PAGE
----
Why TTP, not Afghan Taliban pose threat to the region

Kashinath Pandita
Contributor

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Will Taliban terror proliferate eastward after the US drawdown in 2014? Strategists vigorously debate the proposition. Only the Indian mainstream media and not the foreign media have been going hammer and tongs over it.

Who are the ‘Taliban’ we are talking about? We have two of them; the Afghan Taliban based in Afghanistan, and the TTP meaning Tehreek-i-Taliban-e Pakistan based in Pakistan. Both are essentially motivated by religious conservatism. But there are other specificities also.

Taliban of Afghanistan sprang from the corpus of disbanded mujahideen soon after the Soviets exited and power passed into the hands of mujahedeen in Kabul. When threat to national sovereignty receded, the country fell into a state of anarchy. Afghan commanders and their legions took to loot and rapine.

Realising that lawlessness of disbanded mujahideen could pose serious threat to its influence, Pakistani ISI, after taking the U.S. on board, launched the Taliban movement in Southern Afghanistan through the instrument of senior Taliban leaders, mostly the alumni of Karachi Sunni Wahhabi religious seminaries.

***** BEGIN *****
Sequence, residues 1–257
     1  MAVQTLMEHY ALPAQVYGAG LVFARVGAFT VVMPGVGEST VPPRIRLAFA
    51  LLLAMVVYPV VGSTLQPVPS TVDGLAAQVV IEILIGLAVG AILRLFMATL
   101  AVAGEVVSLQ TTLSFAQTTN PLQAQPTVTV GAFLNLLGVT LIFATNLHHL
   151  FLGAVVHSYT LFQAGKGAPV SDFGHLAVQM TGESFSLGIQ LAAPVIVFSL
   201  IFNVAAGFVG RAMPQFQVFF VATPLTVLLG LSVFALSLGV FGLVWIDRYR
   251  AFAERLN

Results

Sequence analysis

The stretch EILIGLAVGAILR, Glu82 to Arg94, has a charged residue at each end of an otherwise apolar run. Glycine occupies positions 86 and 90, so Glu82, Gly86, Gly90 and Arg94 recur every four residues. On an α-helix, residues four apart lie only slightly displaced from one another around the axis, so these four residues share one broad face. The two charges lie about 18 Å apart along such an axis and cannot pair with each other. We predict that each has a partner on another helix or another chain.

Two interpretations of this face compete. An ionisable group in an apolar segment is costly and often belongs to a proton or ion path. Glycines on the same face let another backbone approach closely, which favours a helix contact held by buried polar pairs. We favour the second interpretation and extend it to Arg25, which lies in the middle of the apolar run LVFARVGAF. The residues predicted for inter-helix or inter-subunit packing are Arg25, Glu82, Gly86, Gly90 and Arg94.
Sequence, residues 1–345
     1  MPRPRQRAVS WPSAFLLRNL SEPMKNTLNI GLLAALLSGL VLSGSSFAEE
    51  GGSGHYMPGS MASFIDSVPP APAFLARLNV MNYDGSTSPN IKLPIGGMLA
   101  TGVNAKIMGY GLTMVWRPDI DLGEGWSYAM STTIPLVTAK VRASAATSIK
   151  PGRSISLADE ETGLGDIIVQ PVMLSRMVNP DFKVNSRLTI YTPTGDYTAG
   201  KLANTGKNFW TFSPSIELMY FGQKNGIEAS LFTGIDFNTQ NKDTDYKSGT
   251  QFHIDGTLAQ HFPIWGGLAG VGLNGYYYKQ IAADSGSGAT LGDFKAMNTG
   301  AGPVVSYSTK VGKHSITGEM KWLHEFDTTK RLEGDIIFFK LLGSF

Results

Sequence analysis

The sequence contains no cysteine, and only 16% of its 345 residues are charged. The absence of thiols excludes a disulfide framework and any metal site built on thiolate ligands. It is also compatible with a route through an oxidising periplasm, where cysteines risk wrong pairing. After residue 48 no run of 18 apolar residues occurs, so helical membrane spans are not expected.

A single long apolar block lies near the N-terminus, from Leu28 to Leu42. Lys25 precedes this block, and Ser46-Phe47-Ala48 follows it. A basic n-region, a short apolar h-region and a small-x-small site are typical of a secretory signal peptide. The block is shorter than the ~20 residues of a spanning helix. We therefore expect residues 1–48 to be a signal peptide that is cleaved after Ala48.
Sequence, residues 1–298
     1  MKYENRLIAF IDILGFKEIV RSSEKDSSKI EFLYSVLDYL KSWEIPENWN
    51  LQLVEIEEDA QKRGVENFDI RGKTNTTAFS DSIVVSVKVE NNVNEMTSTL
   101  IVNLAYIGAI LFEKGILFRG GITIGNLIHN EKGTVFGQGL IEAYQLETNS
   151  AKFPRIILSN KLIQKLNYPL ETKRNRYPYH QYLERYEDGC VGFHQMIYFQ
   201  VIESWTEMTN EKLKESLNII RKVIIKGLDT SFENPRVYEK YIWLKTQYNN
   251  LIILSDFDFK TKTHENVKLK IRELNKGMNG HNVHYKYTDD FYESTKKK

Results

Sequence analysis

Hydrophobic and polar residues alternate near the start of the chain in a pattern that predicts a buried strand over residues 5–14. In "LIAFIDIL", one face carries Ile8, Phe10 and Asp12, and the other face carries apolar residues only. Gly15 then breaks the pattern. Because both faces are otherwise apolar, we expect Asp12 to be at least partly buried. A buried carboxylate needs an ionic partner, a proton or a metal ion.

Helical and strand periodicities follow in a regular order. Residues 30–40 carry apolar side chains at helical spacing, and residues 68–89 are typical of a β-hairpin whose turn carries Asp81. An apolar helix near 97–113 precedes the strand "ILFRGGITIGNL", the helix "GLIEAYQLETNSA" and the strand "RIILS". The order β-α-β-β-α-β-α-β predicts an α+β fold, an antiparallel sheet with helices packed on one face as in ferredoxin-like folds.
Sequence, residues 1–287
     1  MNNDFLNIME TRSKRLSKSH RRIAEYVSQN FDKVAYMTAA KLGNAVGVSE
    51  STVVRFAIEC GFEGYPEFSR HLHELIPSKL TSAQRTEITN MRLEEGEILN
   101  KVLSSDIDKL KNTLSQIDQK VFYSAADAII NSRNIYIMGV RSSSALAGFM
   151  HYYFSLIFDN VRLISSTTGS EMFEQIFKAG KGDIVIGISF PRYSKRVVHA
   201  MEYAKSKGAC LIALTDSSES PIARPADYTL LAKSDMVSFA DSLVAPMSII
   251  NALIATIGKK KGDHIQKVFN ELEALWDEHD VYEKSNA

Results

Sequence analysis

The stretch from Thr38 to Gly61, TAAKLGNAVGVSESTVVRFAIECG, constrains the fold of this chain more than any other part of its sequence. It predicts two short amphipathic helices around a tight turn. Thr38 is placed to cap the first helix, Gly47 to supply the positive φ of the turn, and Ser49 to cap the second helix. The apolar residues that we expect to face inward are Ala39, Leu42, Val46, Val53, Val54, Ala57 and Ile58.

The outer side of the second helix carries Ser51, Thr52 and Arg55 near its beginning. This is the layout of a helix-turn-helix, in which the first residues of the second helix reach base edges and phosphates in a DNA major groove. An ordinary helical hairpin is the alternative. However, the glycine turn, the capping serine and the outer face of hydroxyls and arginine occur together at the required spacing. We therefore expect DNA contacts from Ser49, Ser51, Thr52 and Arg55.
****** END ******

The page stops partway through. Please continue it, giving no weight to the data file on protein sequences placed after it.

Afghan Taliban primarily fights for the expulsion of foreign troops (read US-NATO) from Afghan soil. Thereafter they intend announcing the Islamic Emirate of Afghanistan in which the chief executive (Emir) will not be an elected but a selected entity based on his qualification as a warrior of distinction and his orthodox Islamic credentials for promulgating Islamic law, meaning the Sharia.

The question is how far are the TTP poised to embark on the Caliphate adventure? That also answers the question of their armed adventure in Kashmir

On the other hand, the TTP are essentially a concoction of anti-India, anti-US, and anti-democracy posse sprung from Pakistan’s Punjabi seminaries. They are not essentially commissioned to fight outsiders. Their agenda embraces not just the Islamic Emirate but Islamic Caliphate of Jamaat-e-Islami premise, in which entire South Asian region plus Xinjiang province of China (Uighuristan/Turkistan), and Tibet fall inside the Caliphate Arc. Kashmir is central to it.  Their field of activity is wider and India with the second largest Muslim population is crucial to their scheme of things.